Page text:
A professional cleaner’s job is to keep a facility and its occupants healthy, and an effective cleaning and disinfecting program helps accomplish that. However, we need to clean and disinfect sensibly.
As we analyze the steps taken by the professional cleaning industry to address the pandemic, one of the issues coming to light is the overuse of disinfectants. Known as indiscriminate disinfecting, disinfectants were used just about anywhere and everywhere. This can be harmful to the cleaner, building users, and the environment.
To create a sensible cleaning and disinfecting program, we need to answer the following questions:
1. What Cleaning and Disinfecting Tools Are Available?
For the most part, cleaning can be performed using almost any professional-grade cleaning solution. And when it comes to disinfecting, we also have a wide variety of options.
Methods of Disinfection:
- Electrostatic sprayers and foggers
- Ultraviolet (UV-C) light systems
- Hydrogen peroxide, isopropyl alcohol, and hypochlorous acid – all considered safer disinfecting alternatives
- EPA-registered disinfectants, including N-List disinfectants
- Natural disinfectants (often made from plant-based materials and primarily used in residential cleaning)
2. Do We Need to Use Disinfectants?
This is an excellent question and should be asked before developing a cleaning and disinfecting program. The Centers for Disease Control and Prevention (CDC) states in most cases, “cleaning with an effective detergent is all that is needed to […] maintain a healthy facility.” This is because proper cleaning removes most soils and contaminants from a surface. Disinfectants should be used only when needed to eliminate (kill) any remaining contaminants or pathogens on a surface.
3. How Do We Determine if Disinfectants Are Necessary?
To determine this requires a cleaning and disinfecting audit. For example, when building owners are looking for ways to reduce water consumption, one of the first things they do is conduct a water audit. They tour the facility, looking for wherever water is being used, where water-saving fixtures or devices could be installed, where water is unnecessarily being used, and where leaks are evident. While there are no average savings, most building owners and managers report that water consumption is reduced considerably after completing a water audit.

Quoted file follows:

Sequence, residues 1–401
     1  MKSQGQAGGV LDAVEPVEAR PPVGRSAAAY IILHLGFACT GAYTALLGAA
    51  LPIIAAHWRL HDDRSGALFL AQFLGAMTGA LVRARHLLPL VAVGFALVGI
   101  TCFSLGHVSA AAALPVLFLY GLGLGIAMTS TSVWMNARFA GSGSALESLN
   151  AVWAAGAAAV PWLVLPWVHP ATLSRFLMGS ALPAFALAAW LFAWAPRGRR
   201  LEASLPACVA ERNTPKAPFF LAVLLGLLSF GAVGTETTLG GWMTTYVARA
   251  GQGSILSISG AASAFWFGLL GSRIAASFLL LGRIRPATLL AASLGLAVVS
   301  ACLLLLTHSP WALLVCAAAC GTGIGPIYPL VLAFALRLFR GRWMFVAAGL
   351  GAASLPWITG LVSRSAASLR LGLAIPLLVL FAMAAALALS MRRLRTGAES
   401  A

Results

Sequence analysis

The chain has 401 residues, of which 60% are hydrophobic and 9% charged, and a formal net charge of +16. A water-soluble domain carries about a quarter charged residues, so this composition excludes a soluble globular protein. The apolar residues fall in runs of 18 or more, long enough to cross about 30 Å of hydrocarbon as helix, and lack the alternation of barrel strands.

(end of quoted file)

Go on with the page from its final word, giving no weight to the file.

In the same way, we may reduce the number of disinfectants used in a facility by conducting a cleaning and disinfecting audit. This is key to a sensible cleaning and disinfecting program and involves a walk-through looking for these three types of areas:
High-Touch or High-Risk Areas
Building users touch these areas frequently throughout the day; thus, they are highly likely to become contaminated. Office kitchens and restrooms are perfect examples, as are commonly used conference rooms. Cleaning and disinfecting are necessary for these areas and may even need to be performed several times throughout the day.
These areas will not need to be cleaned as often and may not need to be disinfected at all. Storage and mechanical rooms are perfect examples.
Moderate Touch/Moderate Use Areas
These areas typically pose negligible health risks to building users. This could include rarely used conference or meeting rooms or classrooms. In commercial cleaning, these areas are usually cleaned before/after use or as needed but seldom disinfected.
Implementing a Sensible Cleaning and Disinfecting Program
With our disinfecting audit completed, we can now begin implementing a sensible cleaning and disinfecting program that helps minimize the overuse of disinfectants. This will not only improve the health of a building but also increase worker productivity. If certain areas do not need to be cleaned or cleaned and disinfected, crews can devote more time to those areas that do require more frequent cleaning and disinfecting.
Cleaning and Disinfecting and High-Flow Fluid Extraction
Finally, a sensible cleaning and disinfecting program help crews determine what cleaning tools and equipment should be used. For instance, Kaivac recommends their N-List disinfectant KaiBosh be used when cleaning and disinfecting with Kaivac cleaning systems.
High-Flow Fluid Extraction (HFFE), which is the basis of all Kaivac No-Touch Cleaning® systems, can effectively remove contaminants and pathogens without disinfectants. Cleaning with HFFE helps ensure surfaces stay cleaner, healthier, and safer for building users—which is genuinely sensible cleaning and disinfecting.